A Lazy Worker is a Productive Worker

Could this be the seminal economic text of our time? 

In 1880, Paul Lafargue wrote a 40-page pamphlet that defended the “right to be lazy.” If his name doesn’t ring any bells, he was the Cuban-born son-in-law of Karl Marx. Lafargue’s slogan was later picked up by members of the Industrial Workers of the World (“Wobblies”), especially in Australia. Aussie Wobs reprinted Lafargue’s pamphlet in 1917, and the right to be lazy soon became an IWW catch phrase. As the Wobblies saw it, humans were not born to toil. The ultimate goal of labor is to produce more free time; in fact, a life devoted to work was simply slavery under a different guise.

It turns out that Lafargue and the Wobblies were on to something. In a recent Chronicle of Higher Education article, Edward and Robert Skidelsky reveal that obsession with hard work played a big role in precipitating the current financial crisis. They’ve looked at the emphasis capitalist economists from Adam Smith (conservative) through John Maynard Keynes (liberal) placed on leisure, and argue that theories of economic growth without a corresponding focus on leisure trap economic systems into endless cycles of boom and bust. They also found a historical correlation between healthy economies and leisurely workers–GDP rises hand-in-hand with increased leisure time. This is because mere growth divorced from purpose is inherently alienating–we don’t know why we’re working. Ultimately, labor separated from leisure becomes irrational. We might work harder, accumulate more material objects, and (in theory) create greater social and cultural opportunities, but we don’t have the time or the ethos that allows us to enjoy them. Without time off or a leisure mentality, we drive ourselves in the purposeless task of seeking wealth, a pursuit that leads us to attempt to increase output long after it is useful or possible to do so. In other words, we work until we break the system! The Skidelskys’ remedy for boom-and-bust cycles isn’t likely to taught at the Wharton School of Business in the near future, but maybe it should be: demand less of workers and channel them into more leisure opportunities. When workers know why they work–to gain access to leisure and the fruits of their labor–they become more productive and efficient on the job.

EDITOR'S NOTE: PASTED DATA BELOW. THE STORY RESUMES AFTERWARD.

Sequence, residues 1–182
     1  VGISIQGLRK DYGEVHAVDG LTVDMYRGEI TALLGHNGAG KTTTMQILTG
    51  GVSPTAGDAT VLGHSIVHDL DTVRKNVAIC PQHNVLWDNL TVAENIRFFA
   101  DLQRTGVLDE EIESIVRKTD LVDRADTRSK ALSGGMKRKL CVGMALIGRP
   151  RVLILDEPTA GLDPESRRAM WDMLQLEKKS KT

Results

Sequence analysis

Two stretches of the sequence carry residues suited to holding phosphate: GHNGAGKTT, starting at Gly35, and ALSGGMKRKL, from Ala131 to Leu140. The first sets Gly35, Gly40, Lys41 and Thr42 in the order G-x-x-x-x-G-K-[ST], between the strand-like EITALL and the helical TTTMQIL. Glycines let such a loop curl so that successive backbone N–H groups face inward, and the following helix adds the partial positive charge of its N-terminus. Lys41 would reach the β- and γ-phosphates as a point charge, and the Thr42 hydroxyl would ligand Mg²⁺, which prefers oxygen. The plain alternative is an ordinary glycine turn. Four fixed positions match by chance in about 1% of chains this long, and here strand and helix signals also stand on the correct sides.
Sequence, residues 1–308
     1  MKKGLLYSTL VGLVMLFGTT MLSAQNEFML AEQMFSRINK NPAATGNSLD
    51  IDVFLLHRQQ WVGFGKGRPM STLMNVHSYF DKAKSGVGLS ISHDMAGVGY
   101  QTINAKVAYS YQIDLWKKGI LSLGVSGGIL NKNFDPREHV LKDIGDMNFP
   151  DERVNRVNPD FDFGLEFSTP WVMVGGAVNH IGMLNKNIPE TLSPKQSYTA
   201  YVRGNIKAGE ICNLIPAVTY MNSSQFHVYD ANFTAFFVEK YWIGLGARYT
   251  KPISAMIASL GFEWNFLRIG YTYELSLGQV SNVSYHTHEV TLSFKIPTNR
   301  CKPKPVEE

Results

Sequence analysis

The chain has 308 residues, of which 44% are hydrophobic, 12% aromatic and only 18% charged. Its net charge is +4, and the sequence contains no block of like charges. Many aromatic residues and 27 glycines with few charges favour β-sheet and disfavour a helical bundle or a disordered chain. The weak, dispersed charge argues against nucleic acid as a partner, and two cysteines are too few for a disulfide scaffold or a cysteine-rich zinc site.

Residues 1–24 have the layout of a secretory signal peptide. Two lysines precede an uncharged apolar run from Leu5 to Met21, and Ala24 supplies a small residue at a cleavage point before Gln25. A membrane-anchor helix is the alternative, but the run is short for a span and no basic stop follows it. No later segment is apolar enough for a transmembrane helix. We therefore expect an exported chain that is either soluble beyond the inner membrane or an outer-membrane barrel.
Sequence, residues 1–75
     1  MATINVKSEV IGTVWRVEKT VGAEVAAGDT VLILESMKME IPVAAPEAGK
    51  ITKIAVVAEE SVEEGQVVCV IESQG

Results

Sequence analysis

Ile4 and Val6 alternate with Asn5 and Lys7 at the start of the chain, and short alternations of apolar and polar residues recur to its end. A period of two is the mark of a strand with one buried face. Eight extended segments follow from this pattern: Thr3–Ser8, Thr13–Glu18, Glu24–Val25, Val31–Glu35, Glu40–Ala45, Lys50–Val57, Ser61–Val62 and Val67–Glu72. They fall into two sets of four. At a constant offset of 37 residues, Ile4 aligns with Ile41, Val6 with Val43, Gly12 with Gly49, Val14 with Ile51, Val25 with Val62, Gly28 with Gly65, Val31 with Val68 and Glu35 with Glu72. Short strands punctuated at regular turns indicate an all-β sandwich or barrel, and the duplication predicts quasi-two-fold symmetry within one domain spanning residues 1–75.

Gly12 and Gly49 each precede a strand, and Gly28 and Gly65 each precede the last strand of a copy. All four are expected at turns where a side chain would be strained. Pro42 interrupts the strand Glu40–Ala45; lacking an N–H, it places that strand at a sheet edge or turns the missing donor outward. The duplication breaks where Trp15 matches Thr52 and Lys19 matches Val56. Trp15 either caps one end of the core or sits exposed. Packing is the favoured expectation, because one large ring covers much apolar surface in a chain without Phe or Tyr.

So there you have it–listen to the Wobblies instead of the capitalists. You’ve got a right to be lazy and asserting that right will make you happier and more productive when you do work. The next time the economy starts to falter, prop your feet up and take a snooze. When you wake up, head for the beach. You’ve got better data on your side than the venture capitalists, so do your bit for the Dow Jones by basking in the sun.


Boy an Offbeat (and uneven) Delight

BOY (2010)
Directed by Taika Waititi
New Zealand Film Commission, 88 minutes, in Maori and English